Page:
Older Woman, Younger Man: It's a Match Made in Cyberspace

(By Margaret Thomas -- The Washington Post)
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By Abigail Trafford
Tuesday, July 22, 2008

What do older women want?

Younger men.

Online dating services say women of a certain age want the white-haired gent, as long as he's not too old. Women age 50 and older almost always tell eHarmony.com that they want a younger man -- 10, 15 years younger, sometimes more. And on Match.com, a 50-year-old woman is typically seeking a man who is 48.

"This is going to surprise you," says Craig Wax, senior vice president and general manager of Match.com North America. "It's the woman who is going for the younger guy."

Women have come a long way. Going for the younger guy is perhaps yet another triumph for the women's movement, which has broken down barriers between the sexes and pushed for equal opportunity in all spheres of life. The change is buttressed by the new biology of aging. Women, according to calculations based on mortality risk, are five years "younger" than men the same age. The 65-year-old woman is the biological equivalent of a 60-year-old man. So it's sensible, not just fanciful, for a woman to look for a younger guy.

But there's a problem: The men don't get it. They are stuck in the old biology of aging. They, too, are looking for younger partners. On eHarmony.com, men 50 and older are seeking women who are six to 26 years younger. On Match.com, the average 56-year-old man is looking for a 54-year-old woman. Seems reasonable, but by the time he reaches 70, he wants a 58-year-old woman.

Gender equality in the search for younger partners is creating a mating gap in gray love. A 70-year-old woman is looking for a 66-year-old man. The 65-year-old man is looking for the 54-year-old woman. And a 56-year-old woman is looking for a man who is 46! How does anybody hook up in later life with these wide differences in what men and women want?

Fortunately, age is not the most important issue in a relationship. At eHarmony, members are matched according to psychological profile and personality characteristics. What are your values? Are you an extrovert? Are you open to new experiences, or do you prefer to stick with what you know?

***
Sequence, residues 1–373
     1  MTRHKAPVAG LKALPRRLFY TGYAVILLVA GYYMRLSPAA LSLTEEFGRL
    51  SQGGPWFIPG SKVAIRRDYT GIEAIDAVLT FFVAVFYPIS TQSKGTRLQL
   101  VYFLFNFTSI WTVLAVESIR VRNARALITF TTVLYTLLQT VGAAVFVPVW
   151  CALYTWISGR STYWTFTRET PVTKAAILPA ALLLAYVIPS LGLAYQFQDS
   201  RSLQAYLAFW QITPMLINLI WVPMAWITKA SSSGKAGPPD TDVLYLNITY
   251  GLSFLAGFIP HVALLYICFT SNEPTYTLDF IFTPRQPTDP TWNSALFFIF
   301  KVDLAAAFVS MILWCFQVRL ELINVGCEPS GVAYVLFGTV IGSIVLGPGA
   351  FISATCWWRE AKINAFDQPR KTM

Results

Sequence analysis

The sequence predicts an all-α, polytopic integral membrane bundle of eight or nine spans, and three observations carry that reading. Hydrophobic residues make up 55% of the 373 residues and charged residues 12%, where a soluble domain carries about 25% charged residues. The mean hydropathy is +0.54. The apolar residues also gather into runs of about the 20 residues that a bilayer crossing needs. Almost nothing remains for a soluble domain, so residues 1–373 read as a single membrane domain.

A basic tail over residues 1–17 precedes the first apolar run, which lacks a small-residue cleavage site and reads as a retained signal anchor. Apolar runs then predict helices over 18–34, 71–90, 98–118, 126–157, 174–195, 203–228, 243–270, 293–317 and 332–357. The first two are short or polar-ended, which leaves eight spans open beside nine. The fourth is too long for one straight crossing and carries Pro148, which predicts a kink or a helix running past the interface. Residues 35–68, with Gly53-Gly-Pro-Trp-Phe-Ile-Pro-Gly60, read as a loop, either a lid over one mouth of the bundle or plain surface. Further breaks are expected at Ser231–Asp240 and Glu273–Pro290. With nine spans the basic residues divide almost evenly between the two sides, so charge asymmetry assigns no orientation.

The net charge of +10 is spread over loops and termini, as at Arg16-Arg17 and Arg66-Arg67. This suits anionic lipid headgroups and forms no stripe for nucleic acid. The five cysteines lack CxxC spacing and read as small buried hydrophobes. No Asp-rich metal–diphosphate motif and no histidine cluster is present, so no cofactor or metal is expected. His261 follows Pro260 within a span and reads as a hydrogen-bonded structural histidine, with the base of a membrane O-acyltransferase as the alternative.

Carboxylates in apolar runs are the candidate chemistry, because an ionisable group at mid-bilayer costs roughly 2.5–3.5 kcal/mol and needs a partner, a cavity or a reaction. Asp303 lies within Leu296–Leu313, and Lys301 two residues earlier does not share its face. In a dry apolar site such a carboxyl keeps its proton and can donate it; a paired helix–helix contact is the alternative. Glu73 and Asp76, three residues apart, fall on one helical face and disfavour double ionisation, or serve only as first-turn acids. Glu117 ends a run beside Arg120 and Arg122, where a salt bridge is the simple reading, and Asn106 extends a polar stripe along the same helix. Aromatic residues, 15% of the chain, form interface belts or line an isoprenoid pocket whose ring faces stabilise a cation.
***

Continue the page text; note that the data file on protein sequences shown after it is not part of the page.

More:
"The process of developing a successful relationship is the same whether someone is in the 20s or 80s. People do better if they are matched with those who are similar to them on important dimensions," says psychologist Galen Buckwalter, chief scientist at eHarmony.com. "Age, in and of itself, is not a factor in compatibility."

When two people find common ground in their values, interests and personality traits, "there is less need to negotiate differences. A lot less emotional wear and tear," Buckwalter says. There's "an implicit level of understanding."

There is also a difference in what people say they want and what they end up finding. On eHarmony, members are encouraged to report when they are dating seriously or are getting married. Of those who share their success stories, nearly one in four involves a partner age 50 or older.

For women with such success stories, the typical age gap between them and their new partner is plus or minus four years, whether they're in their 40s, 50s, 60s or 70s. For men, the gap inches upward from plus or minus four years at age 40 to plus or minus six years at age 60. That's a narrower range than what members list as their initial preference.

"Everyone would like to find someone smarter, better-looking, wealthier . . . and sure, younger. Why wouldn't you start there?" says Wax of Match.com. But once you see who is out there, "you're willing to make a number of different trade-offs. In the end, it doesn't matter what a person's age is. It matters how well they connect."

Newlyweds Ruth Johnson-Mullis, 85, and Leonard M. Mullis, nearly 87, of Littleton, Colo., met on Match.com. Both had been widowed. Each said they weren't interested in marriage but wanted "someone to have dinner with," Johnson-Mullis says. She had a hard time at first with online dating: She e-mailed eight or 10 men and never got a reply. They were all looking for women in their 60s and 70s, she says. "Who wants an 84-year-old woman?"

"I did," Mullis says. He had to drive up into the mountains to meet her. There were no restaurants, so she made him lunch. "From that point on, I was a dead duck," he says. After a three-month courtship, they married. "At my age, I don't believe in long engagements. No use fooling around."

They have much in common. Both grew up in Florida. They lived through World War II. Both are in good health and go to exercise class twice a week. "We were raised in the same manner. We were raised in the same era. We have so much to talk about," Johnson-Mullis says. And both had long first marriages.

Experience is an asset in late-life mating. As Johnson-Mullis says, "If a man stays with a woman for 59 years, he's not going to run away from me if I'm not perfect."


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